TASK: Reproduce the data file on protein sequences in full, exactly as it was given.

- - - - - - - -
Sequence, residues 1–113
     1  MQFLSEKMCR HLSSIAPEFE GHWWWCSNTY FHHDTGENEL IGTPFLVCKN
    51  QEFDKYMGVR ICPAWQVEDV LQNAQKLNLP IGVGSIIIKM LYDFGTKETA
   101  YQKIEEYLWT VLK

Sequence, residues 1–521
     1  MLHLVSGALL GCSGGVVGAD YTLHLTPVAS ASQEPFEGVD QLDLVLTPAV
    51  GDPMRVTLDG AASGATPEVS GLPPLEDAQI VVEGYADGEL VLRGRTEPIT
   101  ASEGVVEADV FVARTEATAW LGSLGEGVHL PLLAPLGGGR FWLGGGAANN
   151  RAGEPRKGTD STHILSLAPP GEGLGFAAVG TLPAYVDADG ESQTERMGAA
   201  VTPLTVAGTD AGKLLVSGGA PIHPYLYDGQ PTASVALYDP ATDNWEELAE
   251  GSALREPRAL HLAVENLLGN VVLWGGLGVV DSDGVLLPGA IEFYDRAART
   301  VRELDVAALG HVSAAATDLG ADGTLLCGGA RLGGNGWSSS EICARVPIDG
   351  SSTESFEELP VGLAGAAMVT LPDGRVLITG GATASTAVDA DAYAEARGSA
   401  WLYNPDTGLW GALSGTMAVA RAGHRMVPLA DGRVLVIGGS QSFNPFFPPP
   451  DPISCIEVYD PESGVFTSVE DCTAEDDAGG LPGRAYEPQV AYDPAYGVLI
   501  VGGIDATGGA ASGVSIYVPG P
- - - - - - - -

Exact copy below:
Sequence, residues 1–113
     1  MQFLSEKMCR HLSSIAPEFE GHWWWCSNTY FHHDTGENEL IGTPFLVCKN
    51  QEFDKYMGVR ICPAWQVEDV LQNAQKLNLP IGVGSIIIKM LYDFGTKETA
   101  YQKIEEYLWT VLK

Sequence, residues 1–521
     1  MLHLVSGALL GCSGGVVGAD YTLHLTPVAS ASQEPFEGVD QLDLVLTPAV
    51  GDPMRVTLDG AASGATPEVS GLPPLEDAQI VVEGYADGEL VLRGRTEPIT
   101  ASEGVVEADV FVARTEATAW LGSLGEGVHL PLLAPLGGGR FWLGGGAANN
   151  RAGEPRKGTD STHILSLAPP GEGLGFAAVG TLPAYVDADG ESQTERMGAA
   201  VTPLTVAGTD AGKLLVSGGA PIHPYLYDGQ PTASVALYDP ATDNWEELAE
   251  GSALREPRAL HLAVENLLGN VVLWGGLGVV DSDGVLLPGA IEFYDRAART
   301  VRELDVAALG HVSAAATDLG ADGTLLCGGA RLGGNGWSSS EICARVPIDG
   351  SSTESFEELP VGLAGAAMVT LPDGRVLITG GATASTAVDA DAYAEARGSA
   401  WLYNPDTGLW GALSGTMAVA RAGHRMVPLA DGRVLVIGGS QSFNPFFPPP
   451  DPISCIEVYD PESGVFTSVE DCTAEDDAGG LPGRAYEPQV AYDPAYGVLI
   501  VGGIDATGGA ASGVSIYVPG P